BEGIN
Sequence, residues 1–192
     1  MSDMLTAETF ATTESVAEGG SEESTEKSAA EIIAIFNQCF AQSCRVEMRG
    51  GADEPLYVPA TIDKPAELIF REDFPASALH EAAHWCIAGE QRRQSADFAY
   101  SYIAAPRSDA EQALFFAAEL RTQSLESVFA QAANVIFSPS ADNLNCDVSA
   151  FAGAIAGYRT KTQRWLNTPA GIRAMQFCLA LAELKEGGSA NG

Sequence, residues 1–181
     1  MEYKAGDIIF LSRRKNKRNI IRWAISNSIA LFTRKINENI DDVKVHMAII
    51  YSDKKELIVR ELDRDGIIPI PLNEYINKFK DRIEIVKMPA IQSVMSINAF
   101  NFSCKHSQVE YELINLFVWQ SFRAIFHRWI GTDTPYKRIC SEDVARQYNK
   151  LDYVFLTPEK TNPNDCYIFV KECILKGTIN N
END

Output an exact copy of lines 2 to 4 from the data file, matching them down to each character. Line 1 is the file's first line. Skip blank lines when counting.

     1  MSDMLTAETF ATTESVAEGG SEESTEKSAA EIIAIFNQCF AQSCRVEMRG
    51  GADEPLYVPA TIDKPAELIF REDFPASALH EAAHWCIAGE QRRQSADFAY
   101  SYIAAPRSDA EQALFFAAEL RTQSLESVFA QAANVIFSPS ADNLNCDVSA